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How A Drug Shortage Hiked Relapse Risks For Lymphoma Patients

The short supply of a key drug to treat lymphoma forced doctors to switch to another medicine. Now researchers have documented that the fallback drug wasn't as good a choice as many doctors thought.

Despite Uneven Results, Alzheimer's Research Suggests A Path For Treatment

The year saw some disappointments in the development of drugs to treat Alzheimer's. But the setbacks were offset by progress in other areas. The upshot from this year's mixed results, some scientists say, is that treatment for Alzheimer's needs to start long before forgetfulness and muddled thinking are apparent.

Dip In Preschoolers' Obesity Hints Worst May Be Past For Weight

The obesity rate in preschoolers dropped a fraction of a point between 2010 and 2003, a federal study found. Although the change was small, it may signal that the obesity epidemic has peaked.
WAMU 88.5

Docs, Nurses Stay Alert On Overnight Shift In Children's Cardiac Unit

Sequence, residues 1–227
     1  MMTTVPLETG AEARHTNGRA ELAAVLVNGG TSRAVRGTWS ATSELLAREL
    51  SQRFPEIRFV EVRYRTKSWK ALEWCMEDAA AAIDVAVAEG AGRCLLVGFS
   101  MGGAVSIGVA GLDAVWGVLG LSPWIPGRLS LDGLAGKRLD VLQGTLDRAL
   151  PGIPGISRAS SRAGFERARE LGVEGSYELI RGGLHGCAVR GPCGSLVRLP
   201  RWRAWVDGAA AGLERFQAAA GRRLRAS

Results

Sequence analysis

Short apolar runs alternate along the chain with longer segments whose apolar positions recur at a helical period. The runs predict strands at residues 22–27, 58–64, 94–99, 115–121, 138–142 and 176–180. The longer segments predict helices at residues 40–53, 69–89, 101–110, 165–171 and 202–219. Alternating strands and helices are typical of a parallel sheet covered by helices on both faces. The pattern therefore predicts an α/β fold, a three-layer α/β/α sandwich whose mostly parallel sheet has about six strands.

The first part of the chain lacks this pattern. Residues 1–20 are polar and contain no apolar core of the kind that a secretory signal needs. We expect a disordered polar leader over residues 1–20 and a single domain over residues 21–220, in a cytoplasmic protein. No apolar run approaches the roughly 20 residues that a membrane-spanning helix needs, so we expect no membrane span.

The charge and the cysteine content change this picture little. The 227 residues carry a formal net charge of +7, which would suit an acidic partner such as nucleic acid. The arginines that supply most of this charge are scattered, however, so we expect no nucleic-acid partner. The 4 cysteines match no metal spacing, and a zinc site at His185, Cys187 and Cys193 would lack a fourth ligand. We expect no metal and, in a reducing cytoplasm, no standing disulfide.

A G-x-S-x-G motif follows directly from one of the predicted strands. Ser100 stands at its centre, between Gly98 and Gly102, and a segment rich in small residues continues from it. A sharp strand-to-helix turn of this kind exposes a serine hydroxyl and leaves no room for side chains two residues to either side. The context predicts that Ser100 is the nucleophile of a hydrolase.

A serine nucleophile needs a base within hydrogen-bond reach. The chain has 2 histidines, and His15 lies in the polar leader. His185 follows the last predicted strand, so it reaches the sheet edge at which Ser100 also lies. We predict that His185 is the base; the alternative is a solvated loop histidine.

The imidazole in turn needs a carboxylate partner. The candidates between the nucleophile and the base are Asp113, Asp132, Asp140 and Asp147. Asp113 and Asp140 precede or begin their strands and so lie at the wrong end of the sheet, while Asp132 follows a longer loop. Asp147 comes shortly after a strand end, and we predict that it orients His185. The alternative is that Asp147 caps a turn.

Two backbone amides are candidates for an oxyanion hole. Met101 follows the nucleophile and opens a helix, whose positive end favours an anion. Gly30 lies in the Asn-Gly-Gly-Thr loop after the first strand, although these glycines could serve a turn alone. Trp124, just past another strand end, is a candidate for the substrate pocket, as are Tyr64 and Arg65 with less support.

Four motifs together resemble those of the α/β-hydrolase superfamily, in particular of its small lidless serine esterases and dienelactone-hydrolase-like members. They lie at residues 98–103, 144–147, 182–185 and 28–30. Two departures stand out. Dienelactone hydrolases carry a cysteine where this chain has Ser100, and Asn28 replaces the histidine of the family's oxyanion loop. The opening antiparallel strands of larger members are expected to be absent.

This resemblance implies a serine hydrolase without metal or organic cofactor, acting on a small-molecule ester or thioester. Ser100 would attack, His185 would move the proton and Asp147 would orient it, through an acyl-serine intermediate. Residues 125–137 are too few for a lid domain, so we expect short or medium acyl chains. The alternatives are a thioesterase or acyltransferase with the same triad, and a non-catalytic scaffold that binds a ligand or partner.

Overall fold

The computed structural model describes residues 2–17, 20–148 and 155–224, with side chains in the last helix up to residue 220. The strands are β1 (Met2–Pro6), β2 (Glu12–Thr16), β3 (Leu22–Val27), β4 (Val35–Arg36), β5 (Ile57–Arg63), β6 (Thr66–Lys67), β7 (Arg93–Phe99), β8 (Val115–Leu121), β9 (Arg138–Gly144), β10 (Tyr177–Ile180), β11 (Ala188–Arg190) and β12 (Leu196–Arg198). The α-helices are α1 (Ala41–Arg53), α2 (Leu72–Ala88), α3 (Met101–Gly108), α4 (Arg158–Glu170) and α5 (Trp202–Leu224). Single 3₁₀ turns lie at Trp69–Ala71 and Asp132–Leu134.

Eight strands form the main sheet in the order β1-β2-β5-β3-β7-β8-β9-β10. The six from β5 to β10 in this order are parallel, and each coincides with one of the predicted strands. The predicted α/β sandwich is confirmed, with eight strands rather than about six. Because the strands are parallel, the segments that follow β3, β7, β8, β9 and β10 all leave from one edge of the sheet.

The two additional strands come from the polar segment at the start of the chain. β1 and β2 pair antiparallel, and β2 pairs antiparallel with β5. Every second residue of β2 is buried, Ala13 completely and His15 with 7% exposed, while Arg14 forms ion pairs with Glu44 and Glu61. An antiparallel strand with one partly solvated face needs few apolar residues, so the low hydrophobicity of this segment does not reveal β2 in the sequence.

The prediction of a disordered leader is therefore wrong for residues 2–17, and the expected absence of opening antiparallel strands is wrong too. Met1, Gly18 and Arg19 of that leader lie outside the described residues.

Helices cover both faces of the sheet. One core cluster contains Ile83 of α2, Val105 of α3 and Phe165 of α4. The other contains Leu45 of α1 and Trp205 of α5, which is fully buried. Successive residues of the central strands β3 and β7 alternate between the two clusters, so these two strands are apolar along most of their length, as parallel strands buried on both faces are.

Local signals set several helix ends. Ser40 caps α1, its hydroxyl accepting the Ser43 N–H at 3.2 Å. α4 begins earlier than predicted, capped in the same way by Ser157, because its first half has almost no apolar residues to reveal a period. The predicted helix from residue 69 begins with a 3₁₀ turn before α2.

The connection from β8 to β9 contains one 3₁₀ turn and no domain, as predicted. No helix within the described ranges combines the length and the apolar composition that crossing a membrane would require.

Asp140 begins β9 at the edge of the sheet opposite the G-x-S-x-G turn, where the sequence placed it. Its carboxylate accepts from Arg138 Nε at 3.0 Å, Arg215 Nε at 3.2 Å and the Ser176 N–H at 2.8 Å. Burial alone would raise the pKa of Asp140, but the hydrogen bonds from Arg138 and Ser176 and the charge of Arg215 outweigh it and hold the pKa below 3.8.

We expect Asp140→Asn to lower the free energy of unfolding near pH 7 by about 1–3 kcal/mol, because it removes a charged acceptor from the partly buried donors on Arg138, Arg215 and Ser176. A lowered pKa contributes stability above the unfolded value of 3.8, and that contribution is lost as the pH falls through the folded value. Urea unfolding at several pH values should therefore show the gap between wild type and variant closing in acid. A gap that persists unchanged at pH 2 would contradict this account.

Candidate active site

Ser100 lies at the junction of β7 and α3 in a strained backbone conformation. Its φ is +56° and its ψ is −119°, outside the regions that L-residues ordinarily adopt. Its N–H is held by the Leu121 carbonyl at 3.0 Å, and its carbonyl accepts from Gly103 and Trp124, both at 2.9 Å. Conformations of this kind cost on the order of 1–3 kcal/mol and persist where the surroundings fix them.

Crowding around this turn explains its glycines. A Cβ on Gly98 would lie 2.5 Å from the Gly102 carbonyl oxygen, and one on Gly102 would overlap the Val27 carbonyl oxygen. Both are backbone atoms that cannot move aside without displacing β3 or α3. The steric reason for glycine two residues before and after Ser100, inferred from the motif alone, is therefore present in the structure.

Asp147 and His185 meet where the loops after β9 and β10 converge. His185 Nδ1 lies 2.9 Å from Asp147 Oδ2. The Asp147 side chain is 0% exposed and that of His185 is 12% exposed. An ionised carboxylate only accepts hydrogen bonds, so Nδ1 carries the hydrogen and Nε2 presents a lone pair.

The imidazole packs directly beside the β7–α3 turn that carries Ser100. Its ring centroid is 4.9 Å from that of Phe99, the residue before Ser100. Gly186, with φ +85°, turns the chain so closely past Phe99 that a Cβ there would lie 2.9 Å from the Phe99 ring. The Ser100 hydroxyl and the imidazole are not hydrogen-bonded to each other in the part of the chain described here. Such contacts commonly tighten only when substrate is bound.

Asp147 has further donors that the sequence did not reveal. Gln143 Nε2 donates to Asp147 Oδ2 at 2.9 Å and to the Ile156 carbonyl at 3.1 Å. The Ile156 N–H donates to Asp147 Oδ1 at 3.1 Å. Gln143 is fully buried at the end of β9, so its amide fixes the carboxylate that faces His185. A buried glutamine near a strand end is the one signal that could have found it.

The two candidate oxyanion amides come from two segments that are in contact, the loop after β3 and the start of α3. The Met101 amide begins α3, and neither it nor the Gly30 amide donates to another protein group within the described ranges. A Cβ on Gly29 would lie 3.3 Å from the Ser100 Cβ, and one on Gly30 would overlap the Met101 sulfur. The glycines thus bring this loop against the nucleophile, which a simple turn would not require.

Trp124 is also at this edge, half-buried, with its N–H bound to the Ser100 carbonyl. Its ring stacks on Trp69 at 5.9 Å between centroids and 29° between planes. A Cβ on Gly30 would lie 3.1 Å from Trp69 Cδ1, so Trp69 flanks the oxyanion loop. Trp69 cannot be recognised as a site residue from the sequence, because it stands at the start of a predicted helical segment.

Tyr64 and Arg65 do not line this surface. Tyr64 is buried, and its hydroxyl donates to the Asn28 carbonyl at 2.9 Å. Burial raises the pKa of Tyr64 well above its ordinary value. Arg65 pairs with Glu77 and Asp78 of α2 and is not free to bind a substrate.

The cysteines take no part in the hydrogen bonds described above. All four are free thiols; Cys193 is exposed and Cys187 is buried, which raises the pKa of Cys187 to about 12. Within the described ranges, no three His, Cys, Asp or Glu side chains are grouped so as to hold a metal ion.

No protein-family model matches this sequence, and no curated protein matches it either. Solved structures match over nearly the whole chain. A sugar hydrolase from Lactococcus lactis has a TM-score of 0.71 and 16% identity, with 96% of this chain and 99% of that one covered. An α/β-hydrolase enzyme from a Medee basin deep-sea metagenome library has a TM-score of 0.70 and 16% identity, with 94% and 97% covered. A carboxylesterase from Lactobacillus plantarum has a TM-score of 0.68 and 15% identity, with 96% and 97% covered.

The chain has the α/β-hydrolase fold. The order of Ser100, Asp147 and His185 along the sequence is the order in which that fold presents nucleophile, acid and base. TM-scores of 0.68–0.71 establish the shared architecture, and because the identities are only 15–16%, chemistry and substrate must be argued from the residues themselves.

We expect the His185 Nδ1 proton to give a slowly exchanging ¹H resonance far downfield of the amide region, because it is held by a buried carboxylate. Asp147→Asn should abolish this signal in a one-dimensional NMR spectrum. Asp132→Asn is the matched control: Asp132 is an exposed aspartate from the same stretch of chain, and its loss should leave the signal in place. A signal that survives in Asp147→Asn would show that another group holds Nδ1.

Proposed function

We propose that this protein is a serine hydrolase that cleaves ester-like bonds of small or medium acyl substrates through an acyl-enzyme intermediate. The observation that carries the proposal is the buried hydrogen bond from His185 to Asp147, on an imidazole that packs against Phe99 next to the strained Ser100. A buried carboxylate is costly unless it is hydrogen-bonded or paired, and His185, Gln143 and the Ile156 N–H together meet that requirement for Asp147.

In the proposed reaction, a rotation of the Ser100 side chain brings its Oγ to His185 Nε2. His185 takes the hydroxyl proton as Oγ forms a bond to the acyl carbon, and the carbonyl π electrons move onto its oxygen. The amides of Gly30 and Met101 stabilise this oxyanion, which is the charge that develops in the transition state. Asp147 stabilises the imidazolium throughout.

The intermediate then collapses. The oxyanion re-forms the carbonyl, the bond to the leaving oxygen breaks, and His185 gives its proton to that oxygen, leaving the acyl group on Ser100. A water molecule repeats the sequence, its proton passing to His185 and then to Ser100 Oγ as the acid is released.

We go on late-night rounds with the doctors and nurses in the cardiac unit at Children's National Medical Center.

WAMU 88.5

HIV And Children: The Burden Of Silence

Nearly 3 percent of D.C. residents — about 14,000 people — are living with HIV. And among those infected, perhaps none are as vulnerable as children and adolescents.


Who Could Be Watching You Watching Your Figure? Your Boss

Those of us trying to get in shape after overindulging this holiday season can get help from a slew of new devices that monitor steps climbed, calories burned and heart rate. But companies and venture capitalists in new startups hope to make money in a new way: by selling the data right back to the people tracking their activity — and to their employers.